Provided information about community resources for persons with disabilities.
Transition and Aftercare:
Persons with disabilities are linked to ongoing supports such as Independent Living Centers, advocacy groups and primary health care.
Programs can assess their effectiveness by including specific queries in their data analysis, and by maintaining information about the community served. Some examples of these related to serving persons with disabilities include:
Persons with disabilities participate in design and implementation of these assessments.
Management periodically assess program requirements to identify those which constitute (or might constitute) barriers, e.g. requirements for reading, for length of groups, or for performing chores; or aspects of the physical environment such as noise, lighting.
Periodic, scheduled review of records where secondary diagnoses are recorded or where there is indication of undiagnosed disability.
Periodic surveys of staff and individuals served.
Collecting and comparing demographic data with treatment population, including information on health disparities in community served.
Comparing outcomes or length of stay with characteristics identified in assessment, such as identified disability or special education history.
Tracking identification of disabilities in assessment and follow up.
Tracking use of assistance such as screen readers, American Sign Language (ASL) interpreters and Communication Access Realtime Translation (CART).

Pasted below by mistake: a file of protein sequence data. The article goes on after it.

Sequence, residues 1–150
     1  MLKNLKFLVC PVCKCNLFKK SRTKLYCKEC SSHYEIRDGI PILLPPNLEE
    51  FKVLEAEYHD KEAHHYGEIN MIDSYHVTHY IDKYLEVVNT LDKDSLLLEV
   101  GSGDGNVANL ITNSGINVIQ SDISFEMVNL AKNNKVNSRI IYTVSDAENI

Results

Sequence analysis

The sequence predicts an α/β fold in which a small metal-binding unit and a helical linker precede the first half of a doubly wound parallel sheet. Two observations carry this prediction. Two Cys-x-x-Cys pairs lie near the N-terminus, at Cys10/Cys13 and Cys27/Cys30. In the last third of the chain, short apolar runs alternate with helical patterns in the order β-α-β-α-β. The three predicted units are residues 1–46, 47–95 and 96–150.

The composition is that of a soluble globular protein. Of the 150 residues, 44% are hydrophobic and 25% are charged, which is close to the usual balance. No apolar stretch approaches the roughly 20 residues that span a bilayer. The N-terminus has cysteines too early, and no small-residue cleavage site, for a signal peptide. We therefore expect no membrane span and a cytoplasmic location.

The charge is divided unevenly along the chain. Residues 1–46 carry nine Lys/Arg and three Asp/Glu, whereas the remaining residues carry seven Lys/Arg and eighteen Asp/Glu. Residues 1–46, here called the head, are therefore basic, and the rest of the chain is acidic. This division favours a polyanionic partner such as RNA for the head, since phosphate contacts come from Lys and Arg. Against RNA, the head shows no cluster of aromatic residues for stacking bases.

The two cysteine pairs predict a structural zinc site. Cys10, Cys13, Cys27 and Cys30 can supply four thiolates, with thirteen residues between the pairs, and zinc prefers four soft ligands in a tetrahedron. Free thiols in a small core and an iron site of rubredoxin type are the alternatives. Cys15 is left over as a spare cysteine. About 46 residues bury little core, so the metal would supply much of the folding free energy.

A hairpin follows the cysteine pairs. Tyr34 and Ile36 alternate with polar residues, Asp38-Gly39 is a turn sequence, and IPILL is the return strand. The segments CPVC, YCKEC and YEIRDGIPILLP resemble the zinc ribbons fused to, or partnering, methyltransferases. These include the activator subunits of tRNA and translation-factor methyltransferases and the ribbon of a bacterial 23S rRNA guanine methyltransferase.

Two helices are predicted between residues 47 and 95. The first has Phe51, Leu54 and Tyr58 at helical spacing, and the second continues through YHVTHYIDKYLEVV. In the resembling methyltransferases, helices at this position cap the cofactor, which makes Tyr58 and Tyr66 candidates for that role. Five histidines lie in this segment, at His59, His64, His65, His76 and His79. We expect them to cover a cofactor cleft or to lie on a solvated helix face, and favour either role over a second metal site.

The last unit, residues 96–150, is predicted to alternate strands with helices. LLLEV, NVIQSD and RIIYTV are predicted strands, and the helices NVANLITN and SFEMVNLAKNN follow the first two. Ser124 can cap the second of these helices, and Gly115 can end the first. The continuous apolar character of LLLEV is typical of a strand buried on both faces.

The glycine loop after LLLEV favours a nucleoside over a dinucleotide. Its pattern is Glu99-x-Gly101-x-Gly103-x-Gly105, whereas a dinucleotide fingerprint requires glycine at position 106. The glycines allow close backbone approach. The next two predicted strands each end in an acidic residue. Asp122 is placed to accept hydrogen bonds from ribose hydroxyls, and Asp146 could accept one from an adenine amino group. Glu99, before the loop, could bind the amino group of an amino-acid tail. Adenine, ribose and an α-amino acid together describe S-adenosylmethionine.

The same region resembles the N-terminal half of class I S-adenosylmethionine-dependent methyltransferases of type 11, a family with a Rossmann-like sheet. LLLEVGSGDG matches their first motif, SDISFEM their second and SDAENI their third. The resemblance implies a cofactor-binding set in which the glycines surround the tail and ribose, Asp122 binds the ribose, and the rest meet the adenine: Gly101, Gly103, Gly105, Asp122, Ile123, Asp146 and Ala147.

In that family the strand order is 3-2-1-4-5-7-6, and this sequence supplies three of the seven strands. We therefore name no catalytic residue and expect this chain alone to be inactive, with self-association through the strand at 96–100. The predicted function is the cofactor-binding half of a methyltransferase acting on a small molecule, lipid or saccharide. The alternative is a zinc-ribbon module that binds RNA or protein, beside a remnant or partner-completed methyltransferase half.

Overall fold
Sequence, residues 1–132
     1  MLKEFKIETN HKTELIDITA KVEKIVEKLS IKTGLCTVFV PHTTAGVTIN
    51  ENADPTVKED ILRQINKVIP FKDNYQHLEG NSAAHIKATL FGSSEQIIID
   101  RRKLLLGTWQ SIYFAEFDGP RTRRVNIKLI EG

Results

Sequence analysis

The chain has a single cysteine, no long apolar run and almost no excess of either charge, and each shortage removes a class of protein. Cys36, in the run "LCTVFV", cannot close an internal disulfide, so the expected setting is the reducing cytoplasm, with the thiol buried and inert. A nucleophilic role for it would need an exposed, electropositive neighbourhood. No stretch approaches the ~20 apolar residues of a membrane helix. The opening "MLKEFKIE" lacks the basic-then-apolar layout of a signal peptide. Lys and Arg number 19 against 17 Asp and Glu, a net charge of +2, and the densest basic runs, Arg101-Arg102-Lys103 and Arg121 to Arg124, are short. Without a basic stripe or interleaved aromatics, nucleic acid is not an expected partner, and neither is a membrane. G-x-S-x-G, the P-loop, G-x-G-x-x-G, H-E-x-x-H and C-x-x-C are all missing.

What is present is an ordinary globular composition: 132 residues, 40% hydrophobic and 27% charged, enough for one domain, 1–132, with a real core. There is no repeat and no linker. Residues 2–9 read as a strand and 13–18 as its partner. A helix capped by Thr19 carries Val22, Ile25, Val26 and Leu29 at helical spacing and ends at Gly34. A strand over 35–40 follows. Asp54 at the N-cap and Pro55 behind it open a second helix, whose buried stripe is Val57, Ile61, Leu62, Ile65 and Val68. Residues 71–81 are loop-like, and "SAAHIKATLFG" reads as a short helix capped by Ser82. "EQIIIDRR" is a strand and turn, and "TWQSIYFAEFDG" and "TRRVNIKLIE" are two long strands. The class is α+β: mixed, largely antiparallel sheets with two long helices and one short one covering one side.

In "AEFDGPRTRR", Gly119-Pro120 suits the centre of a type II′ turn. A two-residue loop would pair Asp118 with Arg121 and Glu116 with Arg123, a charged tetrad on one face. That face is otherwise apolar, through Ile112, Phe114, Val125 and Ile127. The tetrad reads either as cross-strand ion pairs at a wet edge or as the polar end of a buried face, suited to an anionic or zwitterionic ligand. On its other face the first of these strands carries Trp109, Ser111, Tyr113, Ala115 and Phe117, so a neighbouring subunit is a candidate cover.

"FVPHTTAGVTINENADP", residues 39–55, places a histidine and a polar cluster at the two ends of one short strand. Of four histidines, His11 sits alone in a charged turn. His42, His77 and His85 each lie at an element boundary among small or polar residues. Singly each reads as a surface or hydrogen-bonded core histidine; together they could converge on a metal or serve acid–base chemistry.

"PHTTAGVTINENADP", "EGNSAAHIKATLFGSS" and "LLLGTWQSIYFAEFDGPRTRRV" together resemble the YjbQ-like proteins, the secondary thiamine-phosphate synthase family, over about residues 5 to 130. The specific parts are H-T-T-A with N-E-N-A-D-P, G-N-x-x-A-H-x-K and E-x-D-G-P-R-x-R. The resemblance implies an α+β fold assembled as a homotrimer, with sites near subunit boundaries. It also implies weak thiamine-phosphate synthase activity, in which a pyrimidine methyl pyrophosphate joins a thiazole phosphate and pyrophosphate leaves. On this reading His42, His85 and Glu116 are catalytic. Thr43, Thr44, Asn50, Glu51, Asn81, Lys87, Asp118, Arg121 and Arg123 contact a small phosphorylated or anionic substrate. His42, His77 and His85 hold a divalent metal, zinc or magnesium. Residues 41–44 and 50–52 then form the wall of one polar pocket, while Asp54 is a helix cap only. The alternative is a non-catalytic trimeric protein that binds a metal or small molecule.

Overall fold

DPH and BSAS:
Bureau of Substance Abuse Services Policy on Access for Individuals with Disabilities: Describes the authority and rationale, and details policy requirements.
BSAS and Massachusetts Commission for the Deaf and Hard of Hearing partnership: A joint effort by BSAs and MCDHH to provide ASL and Communication Access Realtime Translation (CART) services for treatment programs and self-help groups (listed on website).
DPH Office of Health Equity: Provides information and links to a range of resources and services related to health equity and health disparities, including links to Culturally and Linguistically Appropriate Services resources which include models for data collection and surveys.
DPH Healthy Aging and Disability Unitencompasses the Office of Healthy Aging and the Office on Health and Disability. The unit promotes the health and well being of older adults and people with disabilities across the lifespan in Massachusetts. The ADA Checklist, tools for assessing accessibility, and sample policies are available at the HADU website (http://www.mass.gov/dph/healthyaging)
Department of Disability Services, Adult Services, provides services for adults with intellectual disabilities. The website includes descriptions of services as well as links to resources for individuals and their families.
Massachusetts Commission for the Blind provides an array of services for blind individuals.
Massachusetts Commission for the Deaf and Hard of Hearing provides specialized services for individuals, as well as advocacy and technical assistance.
Massachusetts Rehabilitation Commissionresponsible for Vocational Rehabilitation Services, Community Services, and eligibility determination for the Social Security Disability Insurance (SSDI) and the Supplemental Security Income (SSI) federal benefits programs
Independent Living Programs and Services: information and links to services supporting independent living, including a list of Independent Living Centers, private, nonprofit, consumer-controlled, community-based organizations providing services and advocacy by and for persons with all types of disabilities.
Information and Technical Assistance Home Page: a central link to an array of resources and information
2010 Standards for Accessible Design: Department of Justice regulations and guidelines on accessible design
ADA Best Practices Tool Kit for State and Local Governments: Contains helpful information about the role and responsibilities of the Access Coordinator